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NEWS | Oct. 17, 2014

Two months ago, I wanted to die

By Staff Sgt. Katie Maricle Air Combat Command Public Affairs

Editor's Note: The following commentary was written in observance of Depression Awareness Month.

Two months ago, I wanted to die.

Allow me to clarify - I was not suicidal on that dark, August night when I hit rock bottom. I did not want to take a razor to my wrists. I did not want to swallow a bottle of pills. I did not want to fire a gun. I did not want to end my life by my own hands. But God help me, I wanted to die. I wanted to go to sleep and never wake up again.

The depression and anxiety that made me feel this way hit me like a ton of bricks in a short amount of time. I felt sluggish for two weeks before then, but I shook it off, thinking nothing was wrong with me - I had been through a divorce, a deployment and the loss of a parent, all without feeling like this, so surely whatever was going through my mind would go away soon, right?


I could barely keep my head up at work that Tuesday. Everyone from my supervisor to my best friend said I looked tired and sad. When I left work, I had to go to the grocery store, but couldn't focus enough to stock my cart.

When I finally made it home, I sat down on my couch and cried for an hour. I wanted to die. I wanted to go to sleep and never wake up again.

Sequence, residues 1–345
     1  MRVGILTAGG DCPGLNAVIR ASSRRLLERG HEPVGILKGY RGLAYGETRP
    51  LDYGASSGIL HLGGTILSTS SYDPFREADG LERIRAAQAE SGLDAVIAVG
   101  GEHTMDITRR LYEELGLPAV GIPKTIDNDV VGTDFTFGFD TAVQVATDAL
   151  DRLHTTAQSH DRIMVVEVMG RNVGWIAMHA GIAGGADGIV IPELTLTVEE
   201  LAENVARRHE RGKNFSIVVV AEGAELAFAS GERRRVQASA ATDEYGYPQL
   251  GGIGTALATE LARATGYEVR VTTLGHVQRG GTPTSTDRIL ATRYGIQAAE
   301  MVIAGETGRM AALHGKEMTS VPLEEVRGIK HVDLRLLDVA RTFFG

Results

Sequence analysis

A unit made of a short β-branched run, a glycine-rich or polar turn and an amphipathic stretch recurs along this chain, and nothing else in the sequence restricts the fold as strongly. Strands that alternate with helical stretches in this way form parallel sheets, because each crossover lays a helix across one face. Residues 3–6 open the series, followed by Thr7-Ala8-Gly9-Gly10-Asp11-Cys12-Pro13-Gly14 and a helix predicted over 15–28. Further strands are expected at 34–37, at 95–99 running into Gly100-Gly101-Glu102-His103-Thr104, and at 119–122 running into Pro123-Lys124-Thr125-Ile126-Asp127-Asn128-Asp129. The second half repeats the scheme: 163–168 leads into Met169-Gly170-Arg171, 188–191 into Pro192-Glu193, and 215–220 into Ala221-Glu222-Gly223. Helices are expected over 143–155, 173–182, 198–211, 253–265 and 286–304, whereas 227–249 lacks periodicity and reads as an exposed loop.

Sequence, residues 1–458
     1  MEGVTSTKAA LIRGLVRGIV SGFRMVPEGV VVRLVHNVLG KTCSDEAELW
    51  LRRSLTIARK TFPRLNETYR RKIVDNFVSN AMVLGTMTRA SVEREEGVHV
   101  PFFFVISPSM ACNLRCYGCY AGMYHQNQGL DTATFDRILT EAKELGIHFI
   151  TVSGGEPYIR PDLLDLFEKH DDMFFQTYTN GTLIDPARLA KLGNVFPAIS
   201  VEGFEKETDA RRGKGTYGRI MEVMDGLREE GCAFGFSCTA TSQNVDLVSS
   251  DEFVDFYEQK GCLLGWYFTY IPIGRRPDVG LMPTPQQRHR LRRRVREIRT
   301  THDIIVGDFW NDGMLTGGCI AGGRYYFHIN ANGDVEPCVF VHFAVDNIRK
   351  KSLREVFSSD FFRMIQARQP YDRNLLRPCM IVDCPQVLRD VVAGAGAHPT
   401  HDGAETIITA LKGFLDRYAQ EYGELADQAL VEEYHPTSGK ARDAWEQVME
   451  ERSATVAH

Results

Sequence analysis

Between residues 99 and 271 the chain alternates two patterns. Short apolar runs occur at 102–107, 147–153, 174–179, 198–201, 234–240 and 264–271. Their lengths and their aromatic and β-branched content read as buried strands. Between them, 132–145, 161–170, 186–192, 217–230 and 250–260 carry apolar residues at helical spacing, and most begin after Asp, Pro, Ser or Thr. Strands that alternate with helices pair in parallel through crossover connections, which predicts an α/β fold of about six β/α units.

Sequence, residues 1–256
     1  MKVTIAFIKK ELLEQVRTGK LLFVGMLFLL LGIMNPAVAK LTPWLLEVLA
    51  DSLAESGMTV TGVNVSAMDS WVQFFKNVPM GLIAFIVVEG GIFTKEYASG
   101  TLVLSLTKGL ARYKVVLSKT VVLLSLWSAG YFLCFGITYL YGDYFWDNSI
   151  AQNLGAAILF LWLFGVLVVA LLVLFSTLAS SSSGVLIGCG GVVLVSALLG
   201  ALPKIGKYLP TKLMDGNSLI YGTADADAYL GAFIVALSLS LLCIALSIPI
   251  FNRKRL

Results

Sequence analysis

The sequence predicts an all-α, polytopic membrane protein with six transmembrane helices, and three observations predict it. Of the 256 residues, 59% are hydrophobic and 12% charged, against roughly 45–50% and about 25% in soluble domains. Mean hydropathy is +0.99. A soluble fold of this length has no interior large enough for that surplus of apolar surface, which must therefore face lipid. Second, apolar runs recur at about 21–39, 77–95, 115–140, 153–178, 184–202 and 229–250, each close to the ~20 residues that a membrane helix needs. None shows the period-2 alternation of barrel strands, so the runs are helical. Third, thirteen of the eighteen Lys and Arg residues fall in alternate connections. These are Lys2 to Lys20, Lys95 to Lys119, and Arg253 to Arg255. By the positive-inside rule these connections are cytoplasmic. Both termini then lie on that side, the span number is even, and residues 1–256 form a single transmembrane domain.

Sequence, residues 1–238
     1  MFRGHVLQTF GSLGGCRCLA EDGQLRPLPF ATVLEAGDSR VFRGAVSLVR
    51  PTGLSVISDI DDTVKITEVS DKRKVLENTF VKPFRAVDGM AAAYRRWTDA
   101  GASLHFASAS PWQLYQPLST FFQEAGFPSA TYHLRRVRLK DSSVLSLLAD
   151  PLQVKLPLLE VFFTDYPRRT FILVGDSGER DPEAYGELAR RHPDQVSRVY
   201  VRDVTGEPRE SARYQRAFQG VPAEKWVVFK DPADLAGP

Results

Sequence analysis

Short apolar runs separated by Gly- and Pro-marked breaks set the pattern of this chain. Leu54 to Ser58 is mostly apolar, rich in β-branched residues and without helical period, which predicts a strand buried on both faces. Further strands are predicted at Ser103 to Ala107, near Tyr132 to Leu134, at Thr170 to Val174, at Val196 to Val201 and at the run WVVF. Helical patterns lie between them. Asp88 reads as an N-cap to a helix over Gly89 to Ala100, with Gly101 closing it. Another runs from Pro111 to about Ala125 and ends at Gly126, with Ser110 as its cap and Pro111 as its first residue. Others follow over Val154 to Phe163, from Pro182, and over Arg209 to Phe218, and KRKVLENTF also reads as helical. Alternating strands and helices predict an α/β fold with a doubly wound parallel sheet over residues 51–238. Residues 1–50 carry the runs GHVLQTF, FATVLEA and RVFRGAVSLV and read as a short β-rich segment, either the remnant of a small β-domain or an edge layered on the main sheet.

Luckily, one of my best friends knew how that felt, and the first thing he did was give me the number to the 633rd Medical Group Mental Health clinic. He stayed on the phone with me until I felt better, ready at a moment's notice to bring me to the emergency room in case I became suicidal. He told me time and time again that I would get the help I needed - I just had to hang on for a little while longer.

After making my first appointment with Mental Health, I did the unthinkable; I did something that no one I knew had ever done. I told everyone I knew that I suffered from depression.

I was upfront, honest and forthcoming to those I cared about. I figured if the stigma of getting mental health treatment was going to go away, I had to act like it was already gone. Luckily, my friends and family felt the same way. Tons of "get well soon" and "proud of you for speaking up" messages flooded my Facebook wall. I was going to get better, and I had the support of everyone I knew.

And get better, I did. The Mental Health Clinic is exactly what I needed to get through my tough time. I've learned so much about myself, ways to combat daily stresses, and most importantly, how to keep depression and anxiety at bay. I've taken group classes, in addition to one-on-one sessions. I'm not ashamed of my treatment. I'm not embarrassed, and I know I'm not the only one who feels that way. There's a silent camaraderie in that clinic waiting room. We're not broken. We're not crazy. We just need a little bit of a tune-up.

Depression and anxiety are conditions that I'm going to live with for the rest of my life. I'm also going to face a lot of struggles in the future. Now, though, I know I can get through it. I have the tools I need to make sure that I never have a repeat of that dark August night.

Two months ago, I wanted to die.

Today, I've never felt more alive.

For more information about Joint Base Langley-Eustis Mental Health services, visit